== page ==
Nurul Qoiriah

As a Program Officer for the AMC, Nurul’s key roles include the organising and unionising of migrant workers, as well as developing and facilitating capacity building training programs for the leaders of migrant organisations. The content of these courses include: migrant human rights and advocacy; health and gender; migrant savings; and reintegration. She equips directors of grass roots organisations from Hong Kong, Taiwan, Korea and Indonesia, with the knowledge and skills to assist migrant workers in the region.

Nurul is also involved in other advocacy and lobbying activities undertaken by the AMC. Other courses which she has participated in include the International Human Rights Training Program, conducted by the Canadian Human Rights Foundation (2005), and the Human Rights Education Program, hosted by the Indonesian Human Rights Commission in Jakarta (1998). 

Nurul Qoiriah attended Law at the University of Bung Karno and then moved to Hong Kong to study Human Rights Law. In Hong Kong she worked for the Asian Migrant Centre where she had responsibility for advocacy and capacity building training. She was also involved in research for the Asian Migrant Year Book particularly on Indonesia and Timor Leste. She was accepted and participated in the DTP/MFA Program on Migrant Rights in Malaysia in 2005.

She returned home to Indonesia in 2008 to work for the United Nations High Commissioner for Refugees (UNHCR) where she stayed until 2011. Following encouragement from migrant organizations, she was convinced to focus on the issue of labour migration and this resulted in a position with the International Organization for Migration (IOM). IOM is an intergovernmental organization dedicated to promoting a comprehensive approach to migration management by: advancing understanding of migration issues; assisting government in meeting the challenges of migration; encouraging social and economic development through migration; and upholding dignity and well-being of migrants, their families and their communities.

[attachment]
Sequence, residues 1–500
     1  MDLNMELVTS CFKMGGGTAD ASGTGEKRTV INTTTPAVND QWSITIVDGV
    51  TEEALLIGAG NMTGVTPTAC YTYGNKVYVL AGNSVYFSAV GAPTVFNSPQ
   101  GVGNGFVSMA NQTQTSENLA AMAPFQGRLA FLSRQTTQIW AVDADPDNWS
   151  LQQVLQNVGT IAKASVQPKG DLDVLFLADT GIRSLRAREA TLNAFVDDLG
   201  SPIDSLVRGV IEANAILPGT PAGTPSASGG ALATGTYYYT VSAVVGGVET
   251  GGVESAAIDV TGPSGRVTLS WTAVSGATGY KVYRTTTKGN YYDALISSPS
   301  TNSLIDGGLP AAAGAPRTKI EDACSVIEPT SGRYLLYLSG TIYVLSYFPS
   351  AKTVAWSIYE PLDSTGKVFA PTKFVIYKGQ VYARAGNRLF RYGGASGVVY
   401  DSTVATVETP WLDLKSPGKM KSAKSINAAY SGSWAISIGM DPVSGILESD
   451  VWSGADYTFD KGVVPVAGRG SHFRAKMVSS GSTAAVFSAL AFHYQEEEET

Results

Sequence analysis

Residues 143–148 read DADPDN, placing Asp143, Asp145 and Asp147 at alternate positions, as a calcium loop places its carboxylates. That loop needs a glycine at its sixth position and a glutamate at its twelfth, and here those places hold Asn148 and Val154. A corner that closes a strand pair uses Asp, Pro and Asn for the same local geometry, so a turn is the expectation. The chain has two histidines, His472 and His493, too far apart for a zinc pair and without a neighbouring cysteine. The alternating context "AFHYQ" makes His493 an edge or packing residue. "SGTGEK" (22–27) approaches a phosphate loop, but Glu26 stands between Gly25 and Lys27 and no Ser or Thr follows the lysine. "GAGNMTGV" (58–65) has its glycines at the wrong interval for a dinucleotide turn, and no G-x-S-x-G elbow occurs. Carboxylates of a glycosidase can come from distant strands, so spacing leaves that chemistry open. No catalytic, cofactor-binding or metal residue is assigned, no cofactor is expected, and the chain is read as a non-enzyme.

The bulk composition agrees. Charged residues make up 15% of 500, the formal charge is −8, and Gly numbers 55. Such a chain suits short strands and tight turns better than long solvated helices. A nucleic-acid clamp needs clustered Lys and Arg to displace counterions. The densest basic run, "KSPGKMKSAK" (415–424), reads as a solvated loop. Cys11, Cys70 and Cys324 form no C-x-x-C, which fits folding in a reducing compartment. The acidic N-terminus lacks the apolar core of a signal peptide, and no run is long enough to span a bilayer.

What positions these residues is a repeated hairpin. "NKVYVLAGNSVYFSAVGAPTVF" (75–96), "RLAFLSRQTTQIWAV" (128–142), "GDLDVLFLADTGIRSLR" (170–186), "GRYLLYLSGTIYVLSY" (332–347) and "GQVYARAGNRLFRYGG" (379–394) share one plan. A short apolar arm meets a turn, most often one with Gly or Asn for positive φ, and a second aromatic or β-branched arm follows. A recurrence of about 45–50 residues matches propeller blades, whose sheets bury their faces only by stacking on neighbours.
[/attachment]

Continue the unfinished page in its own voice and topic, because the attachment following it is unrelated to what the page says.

At IOM she is Project Manager responsible for Counter-Trafficking and Labour Migration. In that capacity she is involved in the revision of the Government of Indonesia (GoI) Predeparture Orientation Manual (PAP Manual) for Indonesian migrant workers and in providing training on labour market research and the monitoring of recruitment agencies for the GoI including to the Ministry of Manpower and Transmigration and the National Board for the Placement of Migrant Workers Overseas (BNP2TKI). She is also involved in providing reintegration assistance to returnee migrants who are identified as victims of trafficking.

She uses the training methodology she picked up during the DTP Program in Malaysia in the training programs organized by IOM and relies on some of the materials provided to the participants at the DTP Program in her work, including documents on the Convention on the Rights of Migrants and their Families and other international human rights instruments applicable to the migrants. She notes that the practical exercises were most useful, particularly the drafting of shadow reports. She has put the lessons learnt in Malaysia to good use in her dealings with international organizations and governments and tells DTP that in her engagement with these “diplomacy is a very interesting part … in my day to day work”.

Nurul is in touch with many of the individuals and organizations that participated in the DTP Program. She values the network of migrant NGOs she made contact with, many of whom collaborate actively with IOM. She reflects that she gained valuable insights into the problems faced in other countries and cultures and that this has made her more tolerant toward others with regard to culture, religion and gender.

In response to the question about how DTP could improve its programs and its work with alumni, Nurul is of the view that there should be gatherings of alumni to reinvigorate the networks “as well as training sessions involving the alumni as facilitators or co-facilitators”.

 

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